On June 4th, 1989, the Chinese government forcefully brought an end to a student led pro-democratic protest in Tiananmen Square. To this date, there are many conflicting accounts around the suppression of the protesters. The true number remains a mystery. Known as the Liù-Sì Túshā or June Fourth Massacre, the subject remains a forbidden topic in Mainland China.
The work is scored for solo violin, chorus and large orchestra and employs text and music from the Chinese National Anthem as well as text from two other Chinese poets connected to Tiananmen Square. The conception of the work is based on creating an enclosed aural experience, with the audience at center. Offstage ensembles are placed around the hall to envelop the audience in an artificial “square.” The orchestral and choral forces do not represent singular identities however the solo violin is symbolic as leader or voice that invigorates the masses at large. The work is divided into four movements.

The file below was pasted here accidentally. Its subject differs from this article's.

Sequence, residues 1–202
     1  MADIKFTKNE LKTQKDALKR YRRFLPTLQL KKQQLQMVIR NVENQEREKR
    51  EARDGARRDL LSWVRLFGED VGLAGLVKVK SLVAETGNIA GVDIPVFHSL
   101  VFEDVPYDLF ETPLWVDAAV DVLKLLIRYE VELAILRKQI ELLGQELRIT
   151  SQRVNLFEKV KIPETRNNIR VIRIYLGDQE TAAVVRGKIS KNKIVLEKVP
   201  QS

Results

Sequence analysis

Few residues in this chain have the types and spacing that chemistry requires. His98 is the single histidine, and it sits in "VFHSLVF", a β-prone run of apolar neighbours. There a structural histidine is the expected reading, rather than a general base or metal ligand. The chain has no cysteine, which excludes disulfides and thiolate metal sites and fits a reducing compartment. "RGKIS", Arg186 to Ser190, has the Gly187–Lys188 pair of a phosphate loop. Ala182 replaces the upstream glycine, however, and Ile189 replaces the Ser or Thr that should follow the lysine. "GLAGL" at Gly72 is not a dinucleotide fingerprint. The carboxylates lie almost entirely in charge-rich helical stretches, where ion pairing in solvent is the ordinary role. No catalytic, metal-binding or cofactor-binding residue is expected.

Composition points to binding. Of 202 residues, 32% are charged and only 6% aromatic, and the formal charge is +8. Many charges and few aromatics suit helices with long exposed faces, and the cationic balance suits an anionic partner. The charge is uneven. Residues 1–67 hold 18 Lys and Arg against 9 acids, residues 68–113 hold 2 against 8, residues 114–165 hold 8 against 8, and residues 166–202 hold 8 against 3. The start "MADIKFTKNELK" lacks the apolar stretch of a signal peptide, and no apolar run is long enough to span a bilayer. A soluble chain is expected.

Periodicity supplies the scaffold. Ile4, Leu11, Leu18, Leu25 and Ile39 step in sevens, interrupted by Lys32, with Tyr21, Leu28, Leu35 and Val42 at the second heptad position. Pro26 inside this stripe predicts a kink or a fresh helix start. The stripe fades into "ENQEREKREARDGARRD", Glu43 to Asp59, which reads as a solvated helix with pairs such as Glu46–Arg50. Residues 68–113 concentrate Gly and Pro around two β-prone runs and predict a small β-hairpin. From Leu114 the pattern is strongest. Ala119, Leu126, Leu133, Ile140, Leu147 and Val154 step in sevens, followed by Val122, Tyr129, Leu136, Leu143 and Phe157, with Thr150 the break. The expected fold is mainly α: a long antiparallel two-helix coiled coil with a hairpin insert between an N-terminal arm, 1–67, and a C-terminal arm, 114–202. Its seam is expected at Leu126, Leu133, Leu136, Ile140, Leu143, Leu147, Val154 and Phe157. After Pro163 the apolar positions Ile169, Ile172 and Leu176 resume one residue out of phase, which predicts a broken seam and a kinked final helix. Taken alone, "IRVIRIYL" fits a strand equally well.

Solo Violin, Chorus & Orchestra
IV. Qin aidai mama
Hawaii Youth Symphony with support in part by
Meet The Composer's MetLife
April 10, 2011
Ignace Jang (Violin)
Honolulu Symphony Chorus
Hawaii Youth Symphony
Conducted by Henry Miyamura